I’m sometimes asked “how on earth did you make that?” when people see my miniatures for the first time. So, I thought I’d show a few photos with a brief description of the process.
Even though it’s so tiny, it helps to think how ‘real’ food is made. Sometimes the best inspirations come from cookbooks, pinterest, or food blogs. This is where I came across a lovely recipe that inspired me online. What caught my eye this time, was Nigella Lawson’s Lemon-thyme cake, which this blogger wrote about. If you want to make the real deal, follow along in Simone’s blog, insimoneskitchen.com . I know I plan to make the real cake this weekend! Thank you, Simone, whom I do not know. She certainly takes lovely food photos!
*I have to make real desserts on occasion, or my family grows frustrated every time they see a new sculpt!* I lost count of how many times I have said, “I think I’ll make a cake”, just to hear them all groan – “REAL or fake??”
Whenever I see something that I have to sculpt, I prepare the clay (batter), then the garnishments/sauces/icing etc. Just like in real cooking, I line up all my ‘ingredients’. In this case, I started by cutting out thyme leaves from painted parchment paper.
After forming my clay into my desire shape, I begin the basic texturing. For this I use a foil ball, ball stylus tools, and dental tools. This is where I spend most of my time in every project, and the result is well worth it.
I then set down an initial colour base with soft pastels, starting with the lighter colours first. Think how real food cooks or bakes, with the light golden progressing to charing if your dish calls for it. The more variations of colour you use, the more realistic.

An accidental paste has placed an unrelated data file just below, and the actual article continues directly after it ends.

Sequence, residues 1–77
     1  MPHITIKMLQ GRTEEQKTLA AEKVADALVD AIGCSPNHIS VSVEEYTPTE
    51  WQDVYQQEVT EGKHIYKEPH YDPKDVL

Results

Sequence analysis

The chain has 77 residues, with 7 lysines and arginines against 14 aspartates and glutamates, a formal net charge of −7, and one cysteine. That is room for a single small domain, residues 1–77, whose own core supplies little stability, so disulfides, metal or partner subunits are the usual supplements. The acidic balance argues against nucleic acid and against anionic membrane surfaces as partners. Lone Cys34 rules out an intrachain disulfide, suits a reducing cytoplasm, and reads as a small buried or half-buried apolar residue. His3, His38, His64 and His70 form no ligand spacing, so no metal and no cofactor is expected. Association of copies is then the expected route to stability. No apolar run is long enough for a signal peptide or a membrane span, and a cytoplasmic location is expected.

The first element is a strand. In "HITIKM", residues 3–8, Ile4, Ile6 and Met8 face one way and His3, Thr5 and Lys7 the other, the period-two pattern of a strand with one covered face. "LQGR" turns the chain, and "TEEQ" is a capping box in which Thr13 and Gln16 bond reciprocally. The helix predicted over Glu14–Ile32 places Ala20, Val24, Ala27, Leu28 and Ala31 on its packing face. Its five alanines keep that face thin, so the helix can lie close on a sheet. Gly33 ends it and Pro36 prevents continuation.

Sharp blades are used to cut out servings, which then requires more texturing. I prebake after this, before adding any icing/sauces/garnishes. This protects the details of all that texturing I did!
Once cool to the touch, I finish adding the pretty touches. I had planned on making more sprigs of thyme with the many leaves I cut out, but chose keeping my sanity in the end. Yes, I actually do grow impatient sometimes with this process!
My favourite part is the end result and getting to take photos of my creation. The real challenge is not to rush it. However, sometimes there is only so much time in the day to make use of natural light.
So before the last of the light slipped away from me, I barely got this scene set up. I didn’t manage to complete the scene backdrop. I did manage to find my kitchen Island that I made. I hope you enjoy my photos and can appreciate the process. If you stumbled upon this post and ever wanted to try making miniature food, but felt intimidated, please don’t! Polymer clay is a forgiving medium. It also does not dry out like air dry clays. You can buy a 2 ounce bar of polymer clay for under $3 at just about any craft store. Give it a go!